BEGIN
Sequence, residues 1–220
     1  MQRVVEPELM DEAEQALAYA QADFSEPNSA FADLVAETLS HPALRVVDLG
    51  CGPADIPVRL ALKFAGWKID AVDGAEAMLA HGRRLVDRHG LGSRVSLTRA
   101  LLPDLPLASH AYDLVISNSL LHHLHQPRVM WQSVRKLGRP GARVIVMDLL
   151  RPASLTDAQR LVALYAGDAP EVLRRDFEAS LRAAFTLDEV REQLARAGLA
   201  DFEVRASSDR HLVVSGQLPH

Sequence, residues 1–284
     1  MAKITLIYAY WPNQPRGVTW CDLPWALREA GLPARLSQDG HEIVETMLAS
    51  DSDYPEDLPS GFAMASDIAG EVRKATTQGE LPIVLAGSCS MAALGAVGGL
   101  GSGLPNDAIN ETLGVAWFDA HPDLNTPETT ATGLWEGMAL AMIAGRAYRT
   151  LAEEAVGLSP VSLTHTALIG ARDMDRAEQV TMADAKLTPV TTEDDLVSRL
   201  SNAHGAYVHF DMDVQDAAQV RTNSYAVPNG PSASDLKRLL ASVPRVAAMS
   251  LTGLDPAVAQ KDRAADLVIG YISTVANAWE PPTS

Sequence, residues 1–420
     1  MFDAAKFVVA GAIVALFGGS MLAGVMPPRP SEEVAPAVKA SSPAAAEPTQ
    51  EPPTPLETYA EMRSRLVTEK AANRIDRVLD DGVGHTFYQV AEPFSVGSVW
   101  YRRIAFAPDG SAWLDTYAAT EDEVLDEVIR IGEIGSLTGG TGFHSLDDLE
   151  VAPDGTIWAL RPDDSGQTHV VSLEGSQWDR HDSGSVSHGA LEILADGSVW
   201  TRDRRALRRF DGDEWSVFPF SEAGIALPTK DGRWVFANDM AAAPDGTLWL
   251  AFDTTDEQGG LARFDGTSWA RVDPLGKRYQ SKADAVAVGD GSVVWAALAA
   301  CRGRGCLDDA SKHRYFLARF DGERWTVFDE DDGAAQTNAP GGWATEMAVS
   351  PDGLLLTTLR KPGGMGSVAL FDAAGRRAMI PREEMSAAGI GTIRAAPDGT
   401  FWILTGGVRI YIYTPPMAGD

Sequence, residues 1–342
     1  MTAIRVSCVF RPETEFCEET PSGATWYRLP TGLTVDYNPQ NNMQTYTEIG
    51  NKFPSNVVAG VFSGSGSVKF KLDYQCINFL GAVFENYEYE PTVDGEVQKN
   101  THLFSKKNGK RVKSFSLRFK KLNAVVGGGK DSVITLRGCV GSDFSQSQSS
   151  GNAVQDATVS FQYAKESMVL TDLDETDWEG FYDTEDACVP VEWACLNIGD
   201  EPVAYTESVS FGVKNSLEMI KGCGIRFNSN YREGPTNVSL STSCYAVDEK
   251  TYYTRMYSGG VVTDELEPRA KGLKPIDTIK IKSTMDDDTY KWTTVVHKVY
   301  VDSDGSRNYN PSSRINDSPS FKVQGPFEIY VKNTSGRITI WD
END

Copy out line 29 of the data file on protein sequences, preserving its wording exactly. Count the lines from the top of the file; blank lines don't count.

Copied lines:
   201  EPVAYTESVS FGVKNSLEMI KGCGIRFNSN YREGPTNVSL STSCYAVDEK